Rhodes Stitch

This is a very interesting stitch that leaves scope for some experimentation. A series of straight stitches are used to overlap each other to develop symmetric shape like a square, circle, heart, etc… This stitch can be worked nicely over even weaved fabric, but this tutorial will illustrate it over a normal fabric. Rhodes stitch can make great filling textures.

I will demonstrate a square shape using this stitch. So, I will work inside a square drawn on the fabric. The outline of the square will be the stitch line for the Rhodes stitch.

Fig 1: Start by coming out from one corner of the square shape, the point A. Take the needle in at the opposite end, point B. Fig 2: Now, come out from C, a point near point A. Go in through D, a point opposite to C. Then, again come out through E, and continue with this process.
Fig 3: A finished square looks like this. Since the straight stitches run from one end to the other, overlapping each other at the center, it gives a ‘spinning’ appearance.
This technique can be used to make any shape, especially symmetric ones. So, try circle, triangle, and heart shapes too.
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14 Responses

  1. Hi! I found you through Pinterest, on one of the chain like tutorials. I love your site, full of great tutorials. I don’t embroider, but I really want to try my hand at it now that I’ve seen your site!

    I’m an artist, and I’m always looking for different creative outlets!

  2. Pushpa India Safari iPad says:

    I love your website.i take maximum help from here.i love hand embroidery.i want to do hardanger embroidery.can you tell me which fabric should I use and is available in Delhi. I got a small piece from London 22 count evenweave and I want more like this type. I would be very grateful if you help me. Thanks

  3. Hi – I wanted to talk to you about an embroidery website project I am starting.

    Please could you contact me at futurewasp77@me.com

    Many thanks & Kind regards,
    Darren Butler

  4. Trupti India Safari iPad says:

    I love ur blog. I am teaching my children and her friends. V v helpful

  5. I want to know where I will get Learning Books Embroidery

    • Sarah United States Google Chrome  Redmi 5 Plus) AppleWebKit/537.36 (KHTML, like Gecko) Chrome/72.0.3626.121 Mobile Safari/537.36 says:

      Hi Mani Kumar,
      You can buy our ebook which will be available in a few months. It will have all the details that a beginner will require to do hand embroidery.

  6. mist India Mozilla Firefox Windows says:

    Dear sarah…
    Everything about your blog captures my interest. there is something really beautiful with how you do things, be it embroidery, photography or anything. The way u have represented everything in your blog makes me feel that you are a warm, loving woman who is absolutely optimistic about everything in life. kudos to that!

  7. Basdai Premchandsingh United Kingdom Internet Explorer Windows says:

    I discovered Sarah’s hand embroidery tutorial only last evening. I am 71 and gave up hand sewing many many years ago because of ‘carpal tunnel’ in my right hand. Now, after surgery a few months ago, I find that I can use a needle proficiently once more. This website is a ‘God sent’. Thank you. I am going to enjoy the days ahead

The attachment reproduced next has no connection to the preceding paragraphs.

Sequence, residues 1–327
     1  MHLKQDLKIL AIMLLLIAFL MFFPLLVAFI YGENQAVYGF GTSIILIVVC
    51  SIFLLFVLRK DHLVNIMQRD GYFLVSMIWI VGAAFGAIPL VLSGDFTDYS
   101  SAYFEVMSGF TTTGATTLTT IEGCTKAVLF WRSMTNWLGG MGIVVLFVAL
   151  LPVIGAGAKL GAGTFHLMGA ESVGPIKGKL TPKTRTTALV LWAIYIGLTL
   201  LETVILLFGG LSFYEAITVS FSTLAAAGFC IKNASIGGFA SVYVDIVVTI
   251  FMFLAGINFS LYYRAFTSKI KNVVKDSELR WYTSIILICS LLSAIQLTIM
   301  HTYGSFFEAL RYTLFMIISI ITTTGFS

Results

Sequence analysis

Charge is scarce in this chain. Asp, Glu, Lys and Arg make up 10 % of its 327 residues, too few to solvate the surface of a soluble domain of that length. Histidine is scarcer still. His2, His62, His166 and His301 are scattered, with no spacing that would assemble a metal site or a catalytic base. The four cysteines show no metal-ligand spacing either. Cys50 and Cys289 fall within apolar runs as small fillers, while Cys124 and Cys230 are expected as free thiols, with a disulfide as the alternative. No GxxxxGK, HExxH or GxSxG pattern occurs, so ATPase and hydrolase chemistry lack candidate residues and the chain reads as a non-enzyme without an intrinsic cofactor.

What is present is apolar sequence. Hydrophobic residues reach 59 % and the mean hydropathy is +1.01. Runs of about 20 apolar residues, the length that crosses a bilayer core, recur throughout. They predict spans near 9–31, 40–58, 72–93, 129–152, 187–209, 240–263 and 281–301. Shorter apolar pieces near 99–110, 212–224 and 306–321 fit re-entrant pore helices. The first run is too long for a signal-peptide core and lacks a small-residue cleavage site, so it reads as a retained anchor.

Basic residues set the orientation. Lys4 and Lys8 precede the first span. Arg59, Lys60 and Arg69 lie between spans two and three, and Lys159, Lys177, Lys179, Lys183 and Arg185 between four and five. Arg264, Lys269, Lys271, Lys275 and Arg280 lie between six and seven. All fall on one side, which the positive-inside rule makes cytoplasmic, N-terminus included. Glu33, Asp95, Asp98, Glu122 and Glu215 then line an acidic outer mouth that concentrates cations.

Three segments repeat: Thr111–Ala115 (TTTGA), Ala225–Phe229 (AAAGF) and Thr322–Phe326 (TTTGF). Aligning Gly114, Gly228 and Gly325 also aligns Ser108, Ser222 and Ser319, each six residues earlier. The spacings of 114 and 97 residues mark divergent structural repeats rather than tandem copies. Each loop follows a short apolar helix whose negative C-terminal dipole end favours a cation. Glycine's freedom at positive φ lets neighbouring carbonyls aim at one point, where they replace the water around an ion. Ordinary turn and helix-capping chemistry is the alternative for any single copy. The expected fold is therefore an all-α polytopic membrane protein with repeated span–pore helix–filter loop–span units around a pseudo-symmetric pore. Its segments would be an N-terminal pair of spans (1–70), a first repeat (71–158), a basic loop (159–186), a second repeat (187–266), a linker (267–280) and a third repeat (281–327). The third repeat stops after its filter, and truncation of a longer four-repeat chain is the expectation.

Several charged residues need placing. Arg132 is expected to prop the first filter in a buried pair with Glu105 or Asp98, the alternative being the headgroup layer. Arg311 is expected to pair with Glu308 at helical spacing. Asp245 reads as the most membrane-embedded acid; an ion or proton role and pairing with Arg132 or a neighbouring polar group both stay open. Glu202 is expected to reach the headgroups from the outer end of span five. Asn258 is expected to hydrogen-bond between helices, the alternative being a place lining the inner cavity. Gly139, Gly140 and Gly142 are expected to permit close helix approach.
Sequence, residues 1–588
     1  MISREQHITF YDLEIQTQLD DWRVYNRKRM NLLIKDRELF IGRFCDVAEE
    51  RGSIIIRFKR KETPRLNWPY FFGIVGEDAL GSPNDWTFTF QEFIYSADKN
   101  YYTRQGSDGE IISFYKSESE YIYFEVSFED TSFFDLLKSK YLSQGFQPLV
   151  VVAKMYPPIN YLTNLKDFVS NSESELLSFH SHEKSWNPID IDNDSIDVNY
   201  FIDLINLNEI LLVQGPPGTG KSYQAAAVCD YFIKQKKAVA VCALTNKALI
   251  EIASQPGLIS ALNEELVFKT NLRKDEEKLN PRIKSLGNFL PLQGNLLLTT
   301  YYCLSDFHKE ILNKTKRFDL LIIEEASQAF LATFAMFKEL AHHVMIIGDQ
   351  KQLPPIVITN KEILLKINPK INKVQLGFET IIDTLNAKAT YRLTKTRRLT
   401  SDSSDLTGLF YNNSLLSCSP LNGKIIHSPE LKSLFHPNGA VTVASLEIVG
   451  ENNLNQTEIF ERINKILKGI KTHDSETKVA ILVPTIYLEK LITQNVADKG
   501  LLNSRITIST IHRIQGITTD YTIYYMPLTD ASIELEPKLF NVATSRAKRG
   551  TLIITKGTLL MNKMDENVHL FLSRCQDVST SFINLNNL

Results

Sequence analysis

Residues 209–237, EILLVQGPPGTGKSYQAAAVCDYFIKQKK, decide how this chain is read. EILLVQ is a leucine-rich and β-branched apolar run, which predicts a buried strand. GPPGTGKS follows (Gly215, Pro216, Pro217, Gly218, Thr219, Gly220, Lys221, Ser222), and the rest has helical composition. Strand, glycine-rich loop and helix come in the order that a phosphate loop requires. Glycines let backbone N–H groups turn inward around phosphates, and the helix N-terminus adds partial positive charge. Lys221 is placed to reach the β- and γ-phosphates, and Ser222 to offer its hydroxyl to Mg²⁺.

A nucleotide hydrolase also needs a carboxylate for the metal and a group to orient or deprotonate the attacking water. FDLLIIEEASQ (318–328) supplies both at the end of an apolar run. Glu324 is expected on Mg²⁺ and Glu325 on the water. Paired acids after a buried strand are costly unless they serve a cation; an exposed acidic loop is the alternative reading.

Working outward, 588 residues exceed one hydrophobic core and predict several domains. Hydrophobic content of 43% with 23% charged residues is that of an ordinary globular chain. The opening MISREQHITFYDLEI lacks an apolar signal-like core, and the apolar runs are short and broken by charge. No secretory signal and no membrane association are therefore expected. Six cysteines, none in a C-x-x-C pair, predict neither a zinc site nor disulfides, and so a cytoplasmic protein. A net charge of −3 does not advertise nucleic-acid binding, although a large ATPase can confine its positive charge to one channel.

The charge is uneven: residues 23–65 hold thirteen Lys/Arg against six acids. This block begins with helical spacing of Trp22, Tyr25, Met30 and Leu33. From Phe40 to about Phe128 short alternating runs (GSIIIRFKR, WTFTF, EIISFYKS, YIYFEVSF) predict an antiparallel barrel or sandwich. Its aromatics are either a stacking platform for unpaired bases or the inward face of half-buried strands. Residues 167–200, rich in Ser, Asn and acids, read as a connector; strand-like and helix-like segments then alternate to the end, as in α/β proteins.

• Sarah United States Google Chrome  Redmi 5 Plus) AppleWebKit/537.36 (KHTML, like Gecko) Chrome/72.0.3626.121 Mobile Safari/537.36 says:

      Hello Basdai ji
      How are you? Yes, it is an awfully late response, and I am so sorry about the delay. How is your hand embroidery hobby going on? I am eager to hear about it. ☺️

  8. Viv Netherlands Google Chrome Windows says:


    you are just fabulous. This is such a good stitch to know & I will use it for my project.

  9. cloudblues United States Mozilla Firefox Windows says:

    The last photo sort of looks like there’s something more than just a straight across stitch going on there … is the thread twisting on itself? My eyes can’t seem to make the photo be just a straight stitch across. It kind of looks like you went under another stitch? Or down into the center? Ack. 🙂 Help my aging eyes please! 🙂

    • sarah India Internet Explorer Windows says:

      Dear cloudblues,

      Since you are working around the shape with straight stitches overlapping each other, it will give a final ‘twisted’ effect in the center.
      I must have finished the very last straight stich in the middle (since my thread was finishing), instead of taking it all the way across to the other end, which probably might be causing you to think that there is more to this stitch! I must say, aging though, you have keen eyes. 🙂

  10. Padma India Google Chrome Windows says:

    Hi Sarah,

    I’ve just fallen in love with your website. I am going to start trying out your stitches. I would like to know what fabric you are using for your embroidery as well as cross stitch as it seems thicker than simple cotton fabric.

    I’ve already got my needle and threads and waiting to start stitching.

    Keep up the good work.

    • Sarah United States Google Chrome  Redmi 5 Plus) AppleWebKit/537.36 (KHTML, like Gecko) Chrome/72.0.3626.121 Mobile Safari/537.36 says:

      Hi Padma, long time. How is your embroidery hobby going on?
      I always use simple white cotton fabric for my stitching.☺️

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